Jordan A. Thomas
OverviewJordan A. Thomas concentrates his practice on investigating and prosecuting securities fraud on behalf of whistleblowers and institutional clients. As Chair of the Firm’s Whistleblower Representation practice, Jordan protects and advocates for whistleblowers throughout the world who have information about possible violations of the federal securities laws. He created, and serves as the editor for, www.secwhistlebloweradvocate.com, a website dedicated to helping responsible organizations establish a culture of integrity and courageous whistleblowers to report possible securities violations—without personal or professional regrets.
A longtime public servant and seasoned trial lawyer, Jordan joined Labaton Sucharow from the Securities and Exchange Commission where he served as an Assistant Director and, previously, as an Assistant Chief Litigation Counsel in the Division of Enforcement. He had a leadership role in the development of the SEC Whistleblower Program, including leading fact-finding visits to other federal agencies with whistleblower programs, drafting the proposed legislation and implementing rules and briefing House and Senate staffs on the proposed legislation. He is also the principal architect and first National Coordinator of the Commission’s Cooperation Program, an initiative designed to facilitate and incentivize individuals and companies to self-report securities violations and participate in its investigations and related enforcement actions. In recognition of his important contributions to these national initiatives, while at the SEC, Jordan was a recipient of the Arthur Mathews Award, which recognizes “sustained demonstrated creativity in applying the federal securities laws for the benefit of investors,” and, on two occasions, the Law and Policy Award.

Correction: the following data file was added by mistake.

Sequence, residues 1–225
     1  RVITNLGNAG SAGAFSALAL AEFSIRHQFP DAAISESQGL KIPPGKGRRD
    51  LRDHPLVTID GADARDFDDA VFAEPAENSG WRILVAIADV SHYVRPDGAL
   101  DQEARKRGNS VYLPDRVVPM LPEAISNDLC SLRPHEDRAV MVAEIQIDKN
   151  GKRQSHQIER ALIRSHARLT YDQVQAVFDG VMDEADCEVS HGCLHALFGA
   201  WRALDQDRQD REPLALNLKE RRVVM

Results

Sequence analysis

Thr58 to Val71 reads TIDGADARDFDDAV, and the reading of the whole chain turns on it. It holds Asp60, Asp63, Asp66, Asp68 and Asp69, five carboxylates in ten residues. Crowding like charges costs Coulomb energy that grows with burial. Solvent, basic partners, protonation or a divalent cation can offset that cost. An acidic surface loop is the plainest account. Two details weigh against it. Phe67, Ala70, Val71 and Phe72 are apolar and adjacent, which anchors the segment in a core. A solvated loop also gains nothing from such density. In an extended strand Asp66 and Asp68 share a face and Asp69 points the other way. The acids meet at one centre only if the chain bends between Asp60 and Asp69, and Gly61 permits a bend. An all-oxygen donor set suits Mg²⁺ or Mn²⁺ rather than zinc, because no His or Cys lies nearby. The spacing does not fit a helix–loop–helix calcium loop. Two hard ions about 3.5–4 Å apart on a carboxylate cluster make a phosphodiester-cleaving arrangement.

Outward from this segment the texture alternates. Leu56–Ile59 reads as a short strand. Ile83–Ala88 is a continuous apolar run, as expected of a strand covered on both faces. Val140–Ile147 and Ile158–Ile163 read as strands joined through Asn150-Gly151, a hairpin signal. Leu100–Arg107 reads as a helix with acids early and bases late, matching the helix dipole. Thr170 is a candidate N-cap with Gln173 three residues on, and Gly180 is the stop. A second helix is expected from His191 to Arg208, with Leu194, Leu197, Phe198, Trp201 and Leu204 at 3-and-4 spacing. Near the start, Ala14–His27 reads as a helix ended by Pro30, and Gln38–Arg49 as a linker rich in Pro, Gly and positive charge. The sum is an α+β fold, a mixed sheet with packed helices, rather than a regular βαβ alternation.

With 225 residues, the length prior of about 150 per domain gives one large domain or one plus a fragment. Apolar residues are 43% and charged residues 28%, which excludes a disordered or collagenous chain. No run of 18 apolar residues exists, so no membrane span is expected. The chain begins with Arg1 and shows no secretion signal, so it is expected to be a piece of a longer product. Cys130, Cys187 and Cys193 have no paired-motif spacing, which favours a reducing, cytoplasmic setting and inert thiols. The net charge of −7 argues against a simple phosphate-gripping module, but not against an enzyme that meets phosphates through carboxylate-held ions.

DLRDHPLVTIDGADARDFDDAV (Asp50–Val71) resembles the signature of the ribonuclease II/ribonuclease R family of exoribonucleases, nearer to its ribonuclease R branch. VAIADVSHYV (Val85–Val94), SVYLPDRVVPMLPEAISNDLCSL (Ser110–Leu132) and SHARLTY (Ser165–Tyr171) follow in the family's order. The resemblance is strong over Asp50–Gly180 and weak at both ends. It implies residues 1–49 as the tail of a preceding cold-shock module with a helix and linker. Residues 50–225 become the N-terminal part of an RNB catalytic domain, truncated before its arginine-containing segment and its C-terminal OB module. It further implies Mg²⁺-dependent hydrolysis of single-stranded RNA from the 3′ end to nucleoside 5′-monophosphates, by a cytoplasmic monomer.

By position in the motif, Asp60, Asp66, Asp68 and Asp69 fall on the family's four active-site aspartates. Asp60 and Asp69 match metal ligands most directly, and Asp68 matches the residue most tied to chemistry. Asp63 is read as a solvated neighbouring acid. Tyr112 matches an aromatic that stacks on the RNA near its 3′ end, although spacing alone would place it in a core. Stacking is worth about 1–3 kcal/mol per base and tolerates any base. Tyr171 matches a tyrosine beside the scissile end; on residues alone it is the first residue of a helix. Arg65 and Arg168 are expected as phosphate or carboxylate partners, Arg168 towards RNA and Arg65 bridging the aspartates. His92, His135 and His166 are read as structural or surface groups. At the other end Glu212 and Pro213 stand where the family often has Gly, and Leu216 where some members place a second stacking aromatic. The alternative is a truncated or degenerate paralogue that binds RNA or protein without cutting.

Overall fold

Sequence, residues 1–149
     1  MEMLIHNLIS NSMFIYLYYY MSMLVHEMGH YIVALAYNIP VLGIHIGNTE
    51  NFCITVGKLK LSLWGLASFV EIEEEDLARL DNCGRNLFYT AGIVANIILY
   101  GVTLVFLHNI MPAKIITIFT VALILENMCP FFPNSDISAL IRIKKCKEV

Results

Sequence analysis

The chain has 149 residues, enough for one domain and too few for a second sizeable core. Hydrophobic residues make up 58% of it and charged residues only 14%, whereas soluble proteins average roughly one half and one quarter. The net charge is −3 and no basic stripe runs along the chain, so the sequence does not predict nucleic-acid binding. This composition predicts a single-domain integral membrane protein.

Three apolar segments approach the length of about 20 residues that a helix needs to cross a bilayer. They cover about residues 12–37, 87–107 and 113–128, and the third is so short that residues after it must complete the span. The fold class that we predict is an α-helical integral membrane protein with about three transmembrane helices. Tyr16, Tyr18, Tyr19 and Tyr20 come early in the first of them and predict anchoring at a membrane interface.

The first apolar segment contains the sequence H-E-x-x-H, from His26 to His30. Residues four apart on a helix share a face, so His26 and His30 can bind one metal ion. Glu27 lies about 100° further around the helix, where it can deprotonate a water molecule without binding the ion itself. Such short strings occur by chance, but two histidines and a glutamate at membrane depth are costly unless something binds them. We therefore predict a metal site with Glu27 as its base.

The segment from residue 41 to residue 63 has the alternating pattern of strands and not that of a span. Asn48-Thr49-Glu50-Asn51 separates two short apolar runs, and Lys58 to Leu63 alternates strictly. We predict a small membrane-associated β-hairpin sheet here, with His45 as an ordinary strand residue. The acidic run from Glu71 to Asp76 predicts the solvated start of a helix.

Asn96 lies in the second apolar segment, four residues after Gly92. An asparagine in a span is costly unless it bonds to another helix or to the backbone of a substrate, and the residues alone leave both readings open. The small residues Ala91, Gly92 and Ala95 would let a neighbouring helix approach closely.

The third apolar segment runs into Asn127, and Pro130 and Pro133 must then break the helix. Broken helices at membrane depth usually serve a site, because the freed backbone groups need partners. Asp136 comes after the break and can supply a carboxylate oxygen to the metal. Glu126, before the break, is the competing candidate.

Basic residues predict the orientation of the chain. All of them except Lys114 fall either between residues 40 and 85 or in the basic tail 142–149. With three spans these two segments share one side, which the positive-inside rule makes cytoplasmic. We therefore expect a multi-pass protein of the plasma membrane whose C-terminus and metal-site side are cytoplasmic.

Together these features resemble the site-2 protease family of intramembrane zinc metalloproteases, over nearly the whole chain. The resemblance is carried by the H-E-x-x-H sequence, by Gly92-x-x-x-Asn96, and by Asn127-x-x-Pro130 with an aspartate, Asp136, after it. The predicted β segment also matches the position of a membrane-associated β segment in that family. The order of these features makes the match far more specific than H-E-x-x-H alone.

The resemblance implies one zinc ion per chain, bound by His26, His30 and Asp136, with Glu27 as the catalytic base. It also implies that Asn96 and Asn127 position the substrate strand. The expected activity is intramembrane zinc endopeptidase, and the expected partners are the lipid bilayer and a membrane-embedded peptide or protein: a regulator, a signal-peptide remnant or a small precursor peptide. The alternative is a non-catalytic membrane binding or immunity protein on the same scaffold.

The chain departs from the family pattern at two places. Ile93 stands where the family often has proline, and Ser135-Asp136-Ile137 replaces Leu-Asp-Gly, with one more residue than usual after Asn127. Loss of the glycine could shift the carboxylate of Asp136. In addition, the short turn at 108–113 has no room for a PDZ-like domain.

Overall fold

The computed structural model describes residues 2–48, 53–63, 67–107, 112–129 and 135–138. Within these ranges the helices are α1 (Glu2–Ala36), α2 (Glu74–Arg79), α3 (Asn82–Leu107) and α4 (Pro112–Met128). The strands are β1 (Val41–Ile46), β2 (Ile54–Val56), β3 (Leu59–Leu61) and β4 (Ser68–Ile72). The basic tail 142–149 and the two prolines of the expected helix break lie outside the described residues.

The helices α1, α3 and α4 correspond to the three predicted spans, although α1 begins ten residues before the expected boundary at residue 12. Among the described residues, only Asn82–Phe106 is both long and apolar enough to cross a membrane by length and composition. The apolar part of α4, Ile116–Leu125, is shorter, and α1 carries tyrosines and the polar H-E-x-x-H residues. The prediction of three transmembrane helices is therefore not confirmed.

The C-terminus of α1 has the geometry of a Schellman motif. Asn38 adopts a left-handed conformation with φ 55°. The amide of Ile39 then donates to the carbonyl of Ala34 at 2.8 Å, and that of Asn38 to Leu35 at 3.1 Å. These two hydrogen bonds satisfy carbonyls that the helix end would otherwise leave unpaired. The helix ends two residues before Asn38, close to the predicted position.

Throughout his tenure at the SEC, Jordan was assigned to many of its highest-profile matters such as those involving Enron, Fannie Mae, UBS, and Citigroup. He successfully investigated, litigated and supervised a wide variety of enforcement matters involving violations of the Foreign Corrupt Practices Act, issuer accounting fraud and other disclosure violations, audit failures, insider trading, market manipulations, offering frauds, and broker-dealer, investment adviser and investment company violations. His cases resulted in monetary relief for harmed investors in excess of $35 billion.
Prior to joining the Commission, Jordan was a Trial Attorney at the Department of Justice, where he specialized in complex financial services litigation involving the FDIC and Office of Thrift Supervision. He began his legal career as a Navy Judge Advocate on active duty and continues to serve as a senior officer in its Reserve Law Program. Earlier, Jordan worked as a stockbroker.
Jordan is a board member of the City Bar Fund, which oversees the City Bar Justice Center, the pro bono affiliate of the New York City Bar Association. He also serves as the Chair of the Investor Rights Committee of the District of Columbia Bar.
Throughout his career, Jordan has received numerous awards and honors. In 2012, he was named a Legal Rebel by the American Bar Association Journal in recognition of his trailblazing efforts in the legal field. Ethisphere Institute, an internationally recognized think tank, selected Jordan as a Rising Star in its listing of 2012 Attorneys Who Matter, which recognizes leading practitioners in the world of corporate ethics and compliance. While at the SEC, Jordan received four Chairman’s Awards, four Division Director’s Awards and a Letter of Commendation from the United States Attorney for the District of Columbia. He is also a decorated military officer, who has twice been awarded the Rear Admiral Hugh H. Howell Award of Excellence—the highest award the Navy can bestow upon a reserve judge advocate. Jordan has received an AV Preeminent rating, the highest attorney rating available, from the publishers of the Martindale-Hubbell legal directory.
Jordan is a nationally sought after writer, speaker and media commentator on securities enforcement, corporate ethics, and whistleblower issues.